(NEW YORK) — Sidney Holmes, who was wrongfully convicted and sentenced to 400 years, was exonerated after 34 years in prison. Lamar Johnson was wrongfully convicted of a shooting without physical evidence connecting him to the incident and sentenced to life in prison. Leon Benson has been freed after 25 years of a more than 60-year sentence for a crime he maintains he did not commit.
These men are just a few in the more than a dozen people have been exonerated so far this year, due to wrongful convictions based on misidentifications, false confessions, police failure to disclose evidence and more.
These exonerations have been recorded by the National Registry of Exonerations since 1989, an exoneration-tracking project hosted by University of California Irvine, University of Michigan Law School and Michigan State University College of Law.
There have been at least 3,287 exonerations recorded by the National Registry of Exonerations since 1989.
More than 29,100 years have been “lost” in prison due to “wrongful convictions” that have been uncovered thus far, according to the registry.
“We’ve all been raised to believe that our system is a great system that works well, that we identify the right people, we convict the right people, we give people the right sentences,” said attorney Marissa Boyers Bluestine, assistant director at the Quattrone Center for the Fair Administration of Justice, in an interview with ABC News.
“It has been a very hard awakening for a lot of people to realize that that’s just not always the case,” she said.
The registry found that the most often cited factors for wrongful convictions are: witness misidentification, false accusation, false confession, faulty forensic evidence, inadequate legal defense, police misconduct and prosecutorial misconduct.
In some cases, the methods used to collect evidence in the past have since been proven to be scientifically unreliable, according to experts. This was the case with Sidney Holmes, whose armed robbery conviction was recently overturned in part because of misidentification, which was partly due to outdated photo and live lineup practices commonly used by law enforcement in the 1980s, officials say.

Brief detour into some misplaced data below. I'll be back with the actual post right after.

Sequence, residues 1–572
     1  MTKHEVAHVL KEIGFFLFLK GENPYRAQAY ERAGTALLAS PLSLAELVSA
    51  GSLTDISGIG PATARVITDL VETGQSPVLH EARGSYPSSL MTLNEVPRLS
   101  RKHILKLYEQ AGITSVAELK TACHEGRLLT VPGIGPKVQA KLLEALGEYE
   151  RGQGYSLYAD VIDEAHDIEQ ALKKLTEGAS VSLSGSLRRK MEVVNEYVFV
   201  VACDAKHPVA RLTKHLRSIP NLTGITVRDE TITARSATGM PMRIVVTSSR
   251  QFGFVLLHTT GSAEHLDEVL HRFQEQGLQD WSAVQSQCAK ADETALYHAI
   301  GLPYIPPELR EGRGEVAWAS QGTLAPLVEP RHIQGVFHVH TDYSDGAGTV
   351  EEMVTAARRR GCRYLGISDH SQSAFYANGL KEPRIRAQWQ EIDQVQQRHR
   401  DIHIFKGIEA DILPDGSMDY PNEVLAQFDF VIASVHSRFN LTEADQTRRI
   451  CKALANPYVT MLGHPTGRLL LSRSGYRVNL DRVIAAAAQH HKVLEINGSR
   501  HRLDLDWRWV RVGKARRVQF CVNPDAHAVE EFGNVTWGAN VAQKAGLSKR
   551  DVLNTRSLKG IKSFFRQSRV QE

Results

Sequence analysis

Black people represent 53% of the 3,200 exonerations listed in the National Registry of Exonerations, despite making up just 13.6% of the American population. Black people represent 38% of the incarcerated population, according to the Prison Policy Initiative.
“Innocent Black Americans are seven times more likely than white Americans to be falsely convicted of serious crimes,” the registry said in a 2022 report.
According to Bluestine, the only way to overturn someone’s conviction is to have “something new, something different that wasn’t heard by the trial court.”
“That’s why it takes 10, 15, 30 years to undo those convictions because we have to wait for that evidence to become available to change how we’re seeing a conviction,” she said.
The list of exonerated people is long. Here are just some of the wrongfully convicted cases that have been overturned so far in 2023:
Holmes, 57, served more than 34 years of a 400-year prison sentence before the Broward State Attorney’s Office Conviction Review Unit (CRU) in Florida reinvestigated the case and determined he did not commit armed robbery.
The CRU found that there is “no evidence” connecting Holmes to the robbery besides a flawed identification of him and the vehicle involved in the robbery.
The CRU found that witness identification of Holmes was likely a “misidentification,” partly due to the photo and live lineup practices commonly used by law enforcement at the time, which are “scientifically unreliable,” according to the state attorney’s office.
In Missouri, Lamar Johnson spent roughly 28 years behind bars for a murder he said he did not commit. He was convicted of first-degree murder and armed criminal action in 1994, according to Circuit Attorney Kimberly M. Gardner’s motion to vacate his conviction. Johnson was sentenced to life in prison.
Gardner asserted that Johnson was innocent and erroneously convicted, citing Johnson’s alibi and a lack of physical evidence connecting Johnson to the murder.
According to Gardner, the identification of Johnson was the state’s “only direct evidence.”
Judge David Mason vacated Johnson’s conviction in February.
“Today the courts righted a wrong – vacating the sentence of Mr. Lamar Johnson following his wrongful conviction in 1995,” said Gardner in a Feb. 14 statement on the decision. “Most importantly, we celebrate with Mr. Johnson and his family as he walks out of the courtroom as a free man.”
Leon Benson was convicted of first-degree murder in 1999, and spent roughly 25 years in prison before the Marion County Superior Court Judge Shatrese M. Flowers in Indiana threw out his conviction in early March.
A joint re-investigation by the University of San Francisco School of Law Racial Justice Clinic and the Conviction Integrity Unit of the Marion County Prosecutor’s Office revealed that “evidence buried in the police file by the lead detective pointed to another man as the murderer.”
Researchers found that conflicting testimony and the missing evidence identified someone else in the 1998 shooting death of Kasey Schoen in Indianapolis.
“Truth never dies,” Benson said, according to a press release from the University of San Francisco. “It is only rediscovered.”
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